Thursday 15 December 2022

The Leech (2022)

Christmas brings different worries for different kinds of  people. Some fret about having enough food and drink in stock to feed a hundred unexpected visitors. Some worry about having enough money to get a decent gift for their loved ones. Some feel the strain of pressure added to them by the fake/unrealistic displays posted all over social media. And some worry about the many guests they will have to tolerate for most of Christmas Day, whether it is a friend of a friend, a relative not seen at any other time of the year, or someone you just know is going to drink a bit too much and make things tense after dinner. The Leech makes use of this last worry to craft a darkly comedic horror movie, and the end result is, well, it sure is something.

Graham Skipper plays Father David, a priest who ends up offering his home as temporary shelter to Terry (Jeremy Gardner). Terry isn’t exactly the most respectful and appreciative houseguest, and things become more problematic when Father David also allows Terry’s down-on-her-luck partner, Lexi (Taylor Zaudtke), to use his home as her own. Boundaries are tested, and pushed way beyond breaking point, and Father David finds himself struggling to change the ways of his guests while they resist his moral lessons. In fact, the pair become more and more determined to erode away the goodwill of their host, almost as if they relish the mindgames and battle of wills  

The second feature film written and directed by Eric Pennycoff (who did great work on Sadistic Intentions, also working with Gardner and Zaudtke on that one), The Leech is almost as good as you might expect a horror comedy with this cast to be. Almost.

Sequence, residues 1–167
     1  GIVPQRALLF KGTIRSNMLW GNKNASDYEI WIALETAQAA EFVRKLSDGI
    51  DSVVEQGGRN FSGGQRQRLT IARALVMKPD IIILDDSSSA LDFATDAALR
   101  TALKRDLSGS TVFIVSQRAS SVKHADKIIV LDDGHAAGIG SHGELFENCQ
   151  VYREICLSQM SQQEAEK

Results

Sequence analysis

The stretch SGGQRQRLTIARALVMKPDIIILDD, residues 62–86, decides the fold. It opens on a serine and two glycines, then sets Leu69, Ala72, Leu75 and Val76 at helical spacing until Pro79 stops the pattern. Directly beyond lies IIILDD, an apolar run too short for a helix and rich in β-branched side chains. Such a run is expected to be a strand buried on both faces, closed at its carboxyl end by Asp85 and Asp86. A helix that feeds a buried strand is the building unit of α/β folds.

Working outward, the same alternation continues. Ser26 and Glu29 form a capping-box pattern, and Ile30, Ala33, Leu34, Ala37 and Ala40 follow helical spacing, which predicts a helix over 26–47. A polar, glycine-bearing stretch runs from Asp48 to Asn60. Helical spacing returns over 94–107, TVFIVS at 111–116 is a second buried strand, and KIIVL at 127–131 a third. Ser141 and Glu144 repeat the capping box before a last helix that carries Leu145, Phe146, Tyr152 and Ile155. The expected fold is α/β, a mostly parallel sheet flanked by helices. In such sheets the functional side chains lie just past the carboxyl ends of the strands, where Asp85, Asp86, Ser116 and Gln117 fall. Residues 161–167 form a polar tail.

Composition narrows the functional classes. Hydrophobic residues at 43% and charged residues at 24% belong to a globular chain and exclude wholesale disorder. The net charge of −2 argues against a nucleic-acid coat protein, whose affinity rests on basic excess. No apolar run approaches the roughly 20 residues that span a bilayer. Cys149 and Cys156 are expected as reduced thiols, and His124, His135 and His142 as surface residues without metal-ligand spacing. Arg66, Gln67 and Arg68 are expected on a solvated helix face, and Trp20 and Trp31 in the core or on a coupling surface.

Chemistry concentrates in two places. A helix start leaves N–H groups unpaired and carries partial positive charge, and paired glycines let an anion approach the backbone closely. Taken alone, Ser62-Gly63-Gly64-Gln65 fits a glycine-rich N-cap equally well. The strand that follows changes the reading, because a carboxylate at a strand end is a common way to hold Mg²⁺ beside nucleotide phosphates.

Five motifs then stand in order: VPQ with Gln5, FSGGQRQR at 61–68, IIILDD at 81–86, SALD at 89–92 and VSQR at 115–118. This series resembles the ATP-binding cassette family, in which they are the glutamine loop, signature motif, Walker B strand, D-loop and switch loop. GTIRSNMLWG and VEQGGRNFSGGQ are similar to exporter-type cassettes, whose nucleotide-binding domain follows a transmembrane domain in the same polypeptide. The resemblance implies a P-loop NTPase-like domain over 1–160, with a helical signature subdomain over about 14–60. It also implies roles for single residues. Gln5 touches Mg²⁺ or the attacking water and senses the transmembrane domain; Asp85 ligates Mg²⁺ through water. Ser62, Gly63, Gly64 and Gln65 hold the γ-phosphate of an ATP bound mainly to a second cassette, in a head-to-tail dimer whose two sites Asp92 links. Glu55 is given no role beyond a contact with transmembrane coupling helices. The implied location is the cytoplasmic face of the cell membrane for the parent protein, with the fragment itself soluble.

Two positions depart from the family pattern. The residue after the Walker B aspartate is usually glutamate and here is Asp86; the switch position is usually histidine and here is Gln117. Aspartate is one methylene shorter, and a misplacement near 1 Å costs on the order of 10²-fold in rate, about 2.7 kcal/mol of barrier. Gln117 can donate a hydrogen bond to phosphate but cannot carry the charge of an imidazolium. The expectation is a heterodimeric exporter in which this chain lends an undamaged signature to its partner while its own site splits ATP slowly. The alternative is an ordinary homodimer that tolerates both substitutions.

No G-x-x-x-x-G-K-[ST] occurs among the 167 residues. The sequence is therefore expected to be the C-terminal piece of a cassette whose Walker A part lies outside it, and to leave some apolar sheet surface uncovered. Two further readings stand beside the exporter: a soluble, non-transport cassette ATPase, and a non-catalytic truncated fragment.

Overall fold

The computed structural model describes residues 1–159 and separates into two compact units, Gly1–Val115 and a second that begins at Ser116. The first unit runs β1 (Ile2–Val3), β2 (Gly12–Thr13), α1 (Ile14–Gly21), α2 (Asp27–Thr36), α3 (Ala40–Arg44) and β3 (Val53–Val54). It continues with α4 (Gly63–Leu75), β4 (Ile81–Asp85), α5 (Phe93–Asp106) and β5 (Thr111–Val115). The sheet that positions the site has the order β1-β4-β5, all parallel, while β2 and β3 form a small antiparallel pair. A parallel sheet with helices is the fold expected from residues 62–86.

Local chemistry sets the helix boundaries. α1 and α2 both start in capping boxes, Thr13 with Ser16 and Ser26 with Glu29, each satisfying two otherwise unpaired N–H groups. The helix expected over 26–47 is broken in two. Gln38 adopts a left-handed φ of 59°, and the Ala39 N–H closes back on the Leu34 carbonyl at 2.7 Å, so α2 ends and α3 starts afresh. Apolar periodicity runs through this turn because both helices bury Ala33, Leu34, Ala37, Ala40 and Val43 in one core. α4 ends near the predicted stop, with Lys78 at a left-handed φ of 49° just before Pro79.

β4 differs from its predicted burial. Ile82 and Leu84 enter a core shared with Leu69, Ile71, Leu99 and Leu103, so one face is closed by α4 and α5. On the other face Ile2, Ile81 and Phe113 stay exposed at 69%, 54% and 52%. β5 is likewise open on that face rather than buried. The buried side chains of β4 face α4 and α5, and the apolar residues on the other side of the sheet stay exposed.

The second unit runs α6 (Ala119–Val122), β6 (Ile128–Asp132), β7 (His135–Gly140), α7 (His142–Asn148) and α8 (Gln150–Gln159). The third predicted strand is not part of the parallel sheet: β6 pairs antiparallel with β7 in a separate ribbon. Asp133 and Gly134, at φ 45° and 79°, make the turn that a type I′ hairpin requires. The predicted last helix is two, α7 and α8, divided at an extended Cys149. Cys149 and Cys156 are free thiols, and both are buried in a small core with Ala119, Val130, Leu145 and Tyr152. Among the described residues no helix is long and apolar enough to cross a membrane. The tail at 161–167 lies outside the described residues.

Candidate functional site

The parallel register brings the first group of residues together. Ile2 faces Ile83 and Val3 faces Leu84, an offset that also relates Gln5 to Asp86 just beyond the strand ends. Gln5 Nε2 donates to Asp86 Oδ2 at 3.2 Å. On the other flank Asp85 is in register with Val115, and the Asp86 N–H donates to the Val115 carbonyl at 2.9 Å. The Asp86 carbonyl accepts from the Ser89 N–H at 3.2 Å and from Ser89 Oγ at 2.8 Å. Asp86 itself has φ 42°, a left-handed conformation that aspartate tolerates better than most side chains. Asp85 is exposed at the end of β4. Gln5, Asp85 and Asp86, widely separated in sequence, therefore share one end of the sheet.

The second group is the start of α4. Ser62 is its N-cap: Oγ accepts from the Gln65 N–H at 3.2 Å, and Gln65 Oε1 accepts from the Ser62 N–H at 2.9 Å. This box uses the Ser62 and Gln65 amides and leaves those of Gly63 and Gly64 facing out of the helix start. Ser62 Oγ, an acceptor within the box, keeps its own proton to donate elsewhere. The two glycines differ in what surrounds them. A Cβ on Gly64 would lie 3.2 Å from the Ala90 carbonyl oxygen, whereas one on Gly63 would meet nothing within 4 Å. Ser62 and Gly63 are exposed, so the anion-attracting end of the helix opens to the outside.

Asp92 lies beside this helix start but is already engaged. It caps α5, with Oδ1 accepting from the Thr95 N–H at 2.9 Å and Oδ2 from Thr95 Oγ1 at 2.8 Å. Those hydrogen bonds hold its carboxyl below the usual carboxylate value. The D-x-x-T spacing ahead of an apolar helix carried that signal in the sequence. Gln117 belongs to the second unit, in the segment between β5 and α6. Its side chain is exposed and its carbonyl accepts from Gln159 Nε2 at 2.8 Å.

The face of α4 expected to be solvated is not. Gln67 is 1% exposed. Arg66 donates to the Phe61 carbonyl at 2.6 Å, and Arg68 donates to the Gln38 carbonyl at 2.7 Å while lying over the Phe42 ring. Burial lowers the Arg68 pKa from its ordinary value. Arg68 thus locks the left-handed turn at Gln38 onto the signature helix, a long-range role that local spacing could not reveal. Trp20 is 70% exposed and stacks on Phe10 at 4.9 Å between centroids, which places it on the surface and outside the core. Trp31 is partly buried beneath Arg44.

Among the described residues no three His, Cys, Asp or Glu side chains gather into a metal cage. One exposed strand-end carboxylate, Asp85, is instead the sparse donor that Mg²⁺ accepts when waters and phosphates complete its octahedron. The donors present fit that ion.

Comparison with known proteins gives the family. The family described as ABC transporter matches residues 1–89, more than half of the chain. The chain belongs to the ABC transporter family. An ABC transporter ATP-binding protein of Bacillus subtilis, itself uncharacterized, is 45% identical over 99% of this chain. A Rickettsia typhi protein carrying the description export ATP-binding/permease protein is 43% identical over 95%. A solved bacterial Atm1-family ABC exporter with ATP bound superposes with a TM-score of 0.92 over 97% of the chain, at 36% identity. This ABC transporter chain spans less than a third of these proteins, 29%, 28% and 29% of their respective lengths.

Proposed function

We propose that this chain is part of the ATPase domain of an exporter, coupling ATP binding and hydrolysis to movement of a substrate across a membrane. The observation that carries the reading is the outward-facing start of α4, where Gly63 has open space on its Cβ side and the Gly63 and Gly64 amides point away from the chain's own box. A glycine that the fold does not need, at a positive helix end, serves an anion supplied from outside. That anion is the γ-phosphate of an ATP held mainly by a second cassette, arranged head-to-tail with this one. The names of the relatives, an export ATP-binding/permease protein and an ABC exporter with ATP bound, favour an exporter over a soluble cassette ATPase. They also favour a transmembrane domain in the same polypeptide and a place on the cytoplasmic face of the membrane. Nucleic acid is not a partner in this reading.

There is nothing to complain about here when it comes to the cast. Skipper, Gardner, and Zaudtke have a lot of fun together, whether they are probing one another with subtle jabs or engaging in outright antagonism, and the fourth main performance, a small turn from Rigo Garay, is enjoyably low-key alongside the escalating insanity of the three leads.

The big problem comes from Pennycoff, who doesn’t seem to set his mind on exactly the right tone he wants. Despite some ridiculousness, and the great performances (Gardner sells every line so well), there isn’t quite enough solid laughs here. Nor are there quite enough moments of tension or horror. Pennycoff may be happy with the end result, and I have seen a lot of praise for this from other film fans, but I couldn’t help feeling as if it was a prowling tiger that you soon realise has had the claws and fangs removed.

Working best when playing out like some horrible nightmare you cannot wake up from, The Leech has great potential in its premise, and has the right onscreen talent, but ends up as a slight disappointment. It isn’t bad, and I always appreciate someone trying to do something a bit different. It’s just not great.


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